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Sun, Microsoft move Java battle to servers

The Java war between Sun Microsystems and Microsoft has shifted from the desktop to the server.

SAN FRANCISCO--The Java war between Sun Microsystems and Microsoft has shifted from the desktop to the server.

Sun's Java 2 Enterprise Edition and Microsoft's Windows DNA (Distributed Internet Applications) architecture are expected to duke it out as the programming models for businesses that want to build e-commerce Web sites.

The two companies are at odds because Sun wants its Java technology to be used on all computers, whereas Microsoft is chiefly interested in promoting its own Windows operating system.

"That's going to be a battle of titans," said Jon Kannegaard, Sun's vice president and general manager of the Java platform.

On one side sits application server manufacturers such as IBM, Oracle, and BEA Systems, which support Java 2 Enterprise Edition, including the cross-platform Enterprise JavaBeans programming model.

On the other side is Microsoft, whose application server technology--built into the Windows NT operating system--includes the company's proprietary programming model called Component Object Model (COM).

"Very few vendors will produce platforms that compete with Java 2 EE," wrote Patricia Seybold Group analyst Anne Thomas. Yet Microsoft is one of those rare vendors.

Both sides are gunning for a market that is expected to reach more $2 billion in revenue by 2002, according to Forrester Research. Application server software connects back-end databases to clients who need access to data.

Microsoft executives at Sun's JavaOne conference today said the complexity and performance requirements of Java 2 EE will undermine the cross-platform, interoperable benefits of Java, but Sun says it's already way ahead of Microsoft with today's announcement.

Sun executives say they feel they've taken the lead in releasing Java 2 EE, which serves as a uniform way for Java developers to build enterprise applications.

Where Sun has the support of IBM, Oracle, and others, Microsoft is tied to a single platform, Sun said. "They offer a single product, a single platform, from a single vendor," said Bill Roth, product line manager for Java 2 EE.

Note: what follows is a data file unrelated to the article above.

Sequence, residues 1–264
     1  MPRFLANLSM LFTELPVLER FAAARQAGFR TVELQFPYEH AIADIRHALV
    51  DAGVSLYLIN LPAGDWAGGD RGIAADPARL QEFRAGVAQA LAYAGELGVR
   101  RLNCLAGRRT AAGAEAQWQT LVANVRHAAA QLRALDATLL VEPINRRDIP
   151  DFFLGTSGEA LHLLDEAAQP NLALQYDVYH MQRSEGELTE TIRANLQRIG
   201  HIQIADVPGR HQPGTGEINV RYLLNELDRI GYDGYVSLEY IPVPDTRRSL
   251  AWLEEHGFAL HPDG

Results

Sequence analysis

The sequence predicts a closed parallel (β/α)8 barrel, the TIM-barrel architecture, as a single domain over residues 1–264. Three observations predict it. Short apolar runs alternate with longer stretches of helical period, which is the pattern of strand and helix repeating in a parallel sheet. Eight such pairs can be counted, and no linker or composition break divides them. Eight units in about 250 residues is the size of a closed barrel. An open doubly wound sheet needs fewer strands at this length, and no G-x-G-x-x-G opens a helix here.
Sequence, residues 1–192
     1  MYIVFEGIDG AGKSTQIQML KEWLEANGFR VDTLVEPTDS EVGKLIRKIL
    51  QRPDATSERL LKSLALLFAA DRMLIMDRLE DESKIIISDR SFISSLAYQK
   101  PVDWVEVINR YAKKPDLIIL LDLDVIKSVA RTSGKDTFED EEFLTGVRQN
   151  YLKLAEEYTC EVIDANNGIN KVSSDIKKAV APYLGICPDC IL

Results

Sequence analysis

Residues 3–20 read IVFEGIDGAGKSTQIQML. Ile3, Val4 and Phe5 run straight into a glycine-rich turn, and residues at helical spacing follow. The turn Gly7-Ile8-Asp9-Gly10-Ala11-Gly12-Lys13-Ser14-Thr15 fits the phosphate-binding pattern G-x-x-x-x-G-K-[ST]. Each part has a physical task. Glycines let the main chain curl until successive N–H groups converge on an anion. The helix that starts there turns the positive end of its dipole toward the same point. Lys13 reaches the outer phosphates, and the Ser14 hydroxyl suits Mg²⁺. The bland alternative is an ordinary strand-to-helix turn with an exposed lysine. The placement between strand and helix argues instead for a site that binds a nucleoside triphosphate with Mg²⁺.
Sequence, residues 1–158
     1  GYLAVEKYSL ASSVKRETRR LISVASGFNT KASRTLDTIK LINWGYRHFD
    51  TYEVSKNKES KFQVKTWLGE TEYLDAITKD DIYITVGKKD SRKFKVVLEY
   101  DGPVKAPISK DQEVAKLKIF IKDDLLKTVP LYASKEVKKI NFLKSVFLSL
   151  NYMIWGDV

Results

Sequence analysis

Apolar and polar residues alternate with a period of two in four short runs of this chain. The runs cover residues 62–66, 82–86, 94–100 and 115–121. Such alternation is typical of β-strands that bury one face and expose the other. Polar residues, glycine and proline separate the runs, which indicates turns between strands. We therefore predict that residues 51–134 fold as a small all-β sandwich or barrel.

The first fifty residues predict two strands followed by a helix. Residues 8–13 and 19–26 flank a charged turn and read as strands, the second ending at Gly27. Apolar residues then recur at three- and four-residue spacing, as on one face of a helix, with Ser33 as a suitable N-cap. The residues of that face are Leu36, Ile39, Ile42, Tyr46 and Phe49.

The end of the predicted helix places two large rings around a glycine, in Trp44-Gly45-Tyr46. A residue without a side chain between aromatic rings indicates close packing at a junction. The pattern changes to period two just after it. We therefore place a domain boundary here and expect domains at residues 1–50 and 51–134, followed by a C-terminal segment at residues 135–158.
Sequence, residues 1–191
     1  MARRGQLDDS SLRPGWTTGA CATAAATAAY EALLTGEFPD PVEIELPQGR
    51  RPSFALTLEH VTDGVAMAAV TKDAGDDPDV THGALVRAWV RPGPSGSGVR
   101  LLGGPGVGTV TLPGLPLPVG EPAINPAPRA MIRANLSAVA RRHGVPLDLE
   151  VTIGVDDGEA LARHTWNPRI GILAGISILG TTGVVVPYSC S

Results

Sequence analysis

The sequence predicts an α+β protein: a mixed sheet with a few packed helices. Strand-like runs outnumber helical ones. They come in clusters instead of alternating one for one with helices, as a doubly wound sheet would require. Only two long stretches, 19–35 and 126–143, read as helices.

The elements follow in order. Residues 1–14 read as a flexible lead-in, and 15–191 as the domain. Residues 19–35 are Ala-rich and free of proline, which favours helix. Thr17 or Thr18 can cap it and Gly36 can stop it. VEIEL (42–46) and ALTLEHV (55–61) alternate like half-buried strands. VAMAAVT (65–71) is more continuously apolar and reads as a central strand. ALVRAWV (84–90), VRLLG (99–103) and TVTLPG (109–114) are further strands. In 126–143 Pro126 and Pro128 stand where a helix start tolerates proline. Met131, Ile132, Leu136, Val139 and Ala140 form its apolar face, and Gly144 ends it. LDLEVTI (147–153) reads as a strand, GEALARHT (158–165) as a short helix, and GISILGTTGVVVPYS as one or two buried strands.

Kannegaard said Java 2 EE should be completed by early next year, with the arrival of items such as a new version of JavaServer Pages and a reference implementation--a working version to test and develop the technology.

Microsoft's plan, naturally, centers on Microsoft technologies. Although some of its components are in place today, the arrival of Windows 2000 later this year will deliver a crucial component called COM+.

The third version of Microsoft Transaction Server, which has been renamed COM+, will include new services, such as the ability to "cache" or temporarily store information from databases, so the application server doesn't have to waste time and repeatedly grab data from a database.

Included in Microsoft's app server is messaging software, called Message Queuing Services, a Web server called Internet Information Services, as well as Active Server Pages.

Microsoft's DNA is a collection of standards and software that in many cases does the same thing as Java 2 EE, Risse said.

For example, Microsoft's messaging standard corresponds to Java Messaging Service, Open Database Connectivity corresponds to the Java Database Connectivity, and Microsoft's active server pages is the model for Sun's JavaServer Pages, Risse said.

Microsoft's technology, of course, runs on Windows servers. However, Risse emphasized that it also is designed to plug into legacy servers.

Microsoft is skeptical that Java 2 EE will be truly cross-platform. The complexity of the Java 2 EE specification will mean that different companies will implement it different ways, so that a program written to run in one Java 2 EE environment won't necessarily run in another environment, Risse said.

In addition, the need for high performance in servers still is a problem with Java, he said. Java database access methods acknowledge this issue, he said, since one version of the Java database connection specification is written in native code--in other words, it can't be moved from one computer to another.

Sun acknowledges that Java 2 EE isn't totally portable. The "stuff around the edges" will change, said Kannegaard, mentioning connections to databases. Still about 80 or 90 percent of a company's software will be portable. "Big chunks just plain work everywhere," he said.

However, where Java 2 Enterprise Edition requires companies to use the Java programming language, Microsoft's DNA is open to any, including Java, C++, and Visual Basic, Thomas said.

Analyst Dave Kelly, of the Hurwitz Group said Java is starting to look like an operating system with all the new additions in Java 2 EE.

"The more stuff Sun puts into Java, the more Sun looks like Microsoft," Kelly said. "You can view it like a distributed operating system."

Analysts say it's too early to predict who will win. But Kelly said Sun--historically a hardware firm--still needs to prove itself as a software company, he said. "As you get more people using more infrastructure pieces. Sun's ability to upgrade and add to those pieces to satisfy people will be strongly tested," he said.

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